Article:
Tag Archives: Snowy Mountains

Road Trip: Snowy Mountains

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A road trip into the Snowy Mountains region. Driving south from Canberra we entered foggy valleys with yellow grassland. Leaving the city behind we were ready for a new landscape, something to jolt our senses into a renewed state.

And then it began. Road-kill to the left and right. Wombats, kangaroos, emus, wallabies. Not a kilometre without bloated corpses defrosting in the early morning wintery sun.

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At first we counted the number of dead wombats we passed. Not native to our home region we had been excited at the prospect of seeing them in the wild. As the number increased we told each other they were sleeping by the side of the road but this feeble joke grew old pretty quickly.

We soon entered a region where even the vegetation was dying. Huge old Monaro eucalyptus trees standing like skeletons, their fate not changing from one field to the next.

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Researching it later we had unknowingly passed through a 2000 square kilometre area regarded as a tree graveyard. For over two decades the eucalyptus trees have been dying leaving behind an eerie landscape.

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We finally arrived at the Snowy Mountains. The mountainsides were characterised by lines of thin white tree trucks. They were the remnants of forest that had burnt to the ground in bushfires in 2003. Bleak, devastated, silent.

Walking through the countryside it was hard to feel uplifted. Signs of loss were everywhere. Many reports suggested the Snow Gums were not growing back.

We stayed in the area for 3 days. On our last night we watched the breaking news of a mass shooting in Orlando. We fell into silence.

Driving back north we again passed the corpses of the local wildlife. They hadn’t moved since days before, still sleeping in the midday sun.

 

 

A bridge in Thredbo (or, why I love contact microphones)

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Contact microphones – my favourite portal to listening to “the inaudible”.  Whether recording in domestic spaces or the outside world I love nothing more than connecting contact microphones to inanimate objects and listening to their voice. Not only do they reveal unexpected tones and pulses but they also stand in contrast to their surrounds. The juxtaposition between the landscape and its elusive auditory companion keeps me occupied when I’m on field recording trips.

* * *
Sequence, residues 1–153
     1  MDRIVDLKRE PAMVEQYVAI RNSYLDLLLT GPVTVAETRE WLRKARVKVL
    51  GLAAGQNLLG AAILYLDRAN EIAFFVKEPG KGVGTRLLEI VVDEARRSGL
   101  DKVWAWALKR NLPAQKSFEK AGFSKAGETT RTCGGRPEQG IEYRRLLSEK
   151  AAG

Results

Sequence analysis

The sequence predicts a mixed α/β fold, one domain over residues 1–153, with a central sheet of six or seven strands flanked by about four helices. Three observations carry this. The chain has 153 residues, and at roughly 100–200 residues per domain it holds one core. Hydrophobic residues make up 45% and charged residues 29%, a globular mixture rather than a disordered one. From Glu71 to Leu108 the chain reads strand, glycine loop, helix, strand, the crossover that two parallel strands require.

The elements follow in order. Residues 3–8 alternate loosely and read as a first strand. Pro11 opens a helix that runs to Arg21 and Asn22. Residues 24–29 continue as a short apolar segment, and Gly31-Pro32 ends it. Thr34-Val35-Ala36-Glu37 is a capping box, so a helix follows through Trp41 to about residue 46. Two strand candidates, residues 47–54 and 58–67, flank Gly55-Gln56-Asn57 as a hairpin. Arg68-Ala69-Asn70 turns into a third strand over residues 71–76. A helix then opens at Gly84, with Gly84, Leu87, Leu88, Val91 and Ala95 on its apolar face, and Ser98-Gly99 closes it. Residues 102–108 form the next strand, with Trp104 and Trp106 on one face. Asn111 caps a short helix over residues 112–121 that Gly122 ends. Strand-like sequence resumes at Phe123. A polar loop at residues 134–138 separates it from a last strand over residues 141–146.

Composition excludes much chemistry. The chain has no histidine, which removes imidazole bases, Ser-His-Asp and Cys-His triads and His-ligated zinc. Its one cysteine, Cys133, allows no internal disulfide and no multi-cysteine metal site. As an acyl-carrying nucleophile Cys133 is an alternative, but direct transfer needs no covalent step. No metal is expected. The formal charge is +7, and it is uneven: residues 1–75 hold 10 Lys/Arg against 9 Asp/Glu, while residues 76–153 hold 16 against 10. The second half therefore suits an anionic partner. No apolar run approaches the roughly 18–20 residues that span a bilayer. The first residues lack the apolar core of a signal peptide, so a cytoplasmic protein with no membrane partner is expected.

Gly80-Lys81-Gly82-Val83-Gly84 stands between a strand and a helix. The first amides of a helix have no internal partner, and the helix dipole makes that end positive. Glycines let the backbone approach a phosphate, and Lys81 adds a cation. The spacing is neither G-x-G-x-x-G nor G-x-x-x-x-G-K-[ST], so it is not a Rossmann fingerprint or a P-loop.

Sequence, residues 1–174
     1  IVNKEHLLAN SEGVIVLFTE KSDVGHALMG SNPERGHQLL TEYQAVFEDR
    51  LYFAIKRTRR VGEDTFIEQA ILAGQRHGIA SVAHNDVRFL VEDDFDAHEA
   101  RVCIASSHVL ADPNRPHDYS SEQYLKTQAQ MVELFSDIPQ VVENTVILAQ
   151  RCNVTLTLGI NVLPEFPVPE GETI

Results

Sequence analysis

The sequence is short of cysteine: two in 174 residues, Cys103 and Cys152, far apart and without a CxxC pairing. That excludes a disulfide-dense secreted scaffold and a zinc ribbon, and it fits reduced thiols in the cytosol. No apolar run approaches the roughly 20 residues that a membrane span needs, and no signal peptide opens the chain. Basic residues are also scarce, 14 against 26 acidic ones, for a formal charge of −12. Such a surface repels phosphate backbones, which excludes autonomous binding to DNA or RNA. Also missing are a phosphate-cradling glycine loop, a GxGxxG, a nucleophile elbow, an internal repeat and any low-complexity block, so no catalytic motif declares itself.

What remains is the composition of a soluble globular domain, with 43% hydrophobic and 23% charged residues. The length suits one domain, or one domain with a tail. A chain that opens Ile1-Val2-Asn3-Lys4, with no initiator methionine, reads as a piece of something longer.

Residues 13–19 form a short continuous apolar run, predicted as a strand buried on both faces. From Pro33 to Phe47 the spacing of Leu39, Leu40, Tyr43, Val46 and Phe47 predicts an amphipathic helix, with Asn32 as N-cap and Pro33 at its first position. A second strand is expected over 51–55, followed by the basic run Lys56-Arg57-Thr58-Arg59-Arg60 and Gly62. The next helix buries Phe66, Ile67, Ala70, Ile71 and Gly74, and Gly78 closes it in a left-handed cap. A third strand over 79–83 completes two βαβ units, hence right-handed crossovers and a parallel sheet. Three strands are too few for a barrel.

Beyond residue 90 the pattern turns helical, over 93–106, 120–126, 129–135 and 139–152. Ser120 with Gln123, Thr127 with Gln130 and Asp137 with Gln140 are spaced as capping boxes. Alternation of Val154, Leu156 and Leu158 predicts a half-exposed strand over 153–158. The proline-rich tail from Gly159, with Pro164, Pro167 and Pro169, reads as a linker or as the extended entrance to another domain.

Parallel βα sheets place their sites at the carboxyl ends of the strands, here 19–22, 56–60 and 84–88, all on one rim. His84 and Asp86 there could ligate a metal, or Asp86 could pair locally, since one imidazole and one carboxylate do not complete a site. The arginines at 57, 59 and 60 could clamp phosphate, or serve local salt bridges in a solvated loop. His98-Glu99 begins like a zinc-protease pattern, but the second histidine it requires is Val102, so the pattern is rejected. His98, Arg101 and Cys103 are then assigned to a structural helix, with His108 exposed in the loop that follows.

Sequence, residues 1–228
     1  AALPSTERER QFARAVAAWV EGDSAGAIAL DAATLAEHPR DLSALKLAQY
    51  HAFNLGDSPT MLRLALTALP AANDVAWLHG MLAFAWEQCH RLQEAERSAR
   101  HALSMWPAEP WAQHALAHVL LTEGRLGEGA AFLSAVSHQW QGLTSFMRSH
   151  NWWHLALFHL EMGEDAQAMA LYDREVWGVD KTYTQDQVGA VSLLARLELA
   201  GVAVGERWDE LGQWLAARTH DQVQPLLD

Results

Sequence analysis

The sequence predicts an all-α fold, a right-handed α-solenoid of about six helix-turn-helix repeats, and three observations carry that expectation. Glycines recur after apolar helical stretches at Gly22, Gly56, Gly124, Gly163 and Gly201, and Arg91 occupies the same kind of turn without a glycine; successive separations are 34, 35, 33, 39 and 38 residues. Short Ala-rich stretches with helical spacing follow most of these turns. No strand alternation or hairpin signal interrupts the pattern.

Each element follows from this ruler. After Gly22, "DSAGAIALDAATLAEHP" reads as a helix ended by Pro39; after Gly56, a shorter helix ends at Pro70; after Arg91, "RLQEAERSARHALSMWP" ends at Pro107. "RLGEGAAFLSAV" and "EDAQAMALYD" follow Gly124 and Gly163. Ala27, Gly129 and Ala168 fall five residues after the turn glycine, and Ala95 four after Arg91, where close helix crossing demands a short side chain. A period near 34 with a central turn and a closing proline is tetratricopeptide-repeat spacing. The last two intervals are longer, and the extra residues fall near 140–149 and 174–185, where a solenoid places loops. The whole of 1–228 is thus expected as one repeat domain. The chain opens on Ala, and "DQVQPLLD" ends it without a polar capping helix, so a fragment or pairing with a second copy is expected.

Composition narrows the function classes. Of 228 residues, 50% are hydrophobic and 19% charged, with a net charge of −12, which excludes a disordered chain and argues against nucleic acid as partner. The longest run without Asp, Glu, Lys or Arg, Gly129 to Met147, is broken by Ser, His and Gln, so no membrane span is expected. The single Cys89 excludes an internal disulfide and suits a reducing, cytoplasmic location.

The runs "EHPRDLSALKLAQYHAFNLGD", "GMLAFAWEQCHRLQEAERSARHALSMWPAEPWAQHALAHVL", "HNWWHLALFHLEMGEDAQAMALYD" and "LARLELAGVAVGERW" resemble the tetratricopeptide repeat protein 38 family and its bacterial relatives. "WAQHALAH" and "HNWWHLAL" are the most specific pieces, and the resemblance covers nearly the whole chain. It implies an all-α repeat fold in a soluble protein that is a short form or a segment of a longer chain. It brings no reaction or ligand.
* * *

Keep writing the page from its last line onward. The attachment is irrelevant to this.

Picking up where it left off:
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Thredbo in Australia’s Snowy Mountains. A short metal bridge crosses a creek at a place alluringly called Dead Horse Gap. The ambient sound is as you’d expect, a rush of water gurgling over rocks, a pleasant soundmark for those lucky enough to spend time there.

What took my interest though was the potential of any sound that might vibrate within the metal handrails of the bridge. I wasn’t disappointed. A sound similar to the low drone of a pipe organ moved with the flow of water. With headphones on, looking at the surrounding landscape, I had my own private soundtrack to the region. What could be better?

 

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Moving the microphones to the bridge’s thin wire-grill deck a shrill high-pitched sound replaced the softer tones that flowed beneath my feet. It wasn’t a sound that was easy to fall into however I continued recording as I thought it held the potential to be mixed into a slightly nightmarish composition somewhere in the future.

I left Dead Horse Gap feeling lucky to have experienced its hidden soundscape. With temperatures well below zero it was time to return to the apartment for some warming red wine.

Next, electrical sounds in hotel rooms …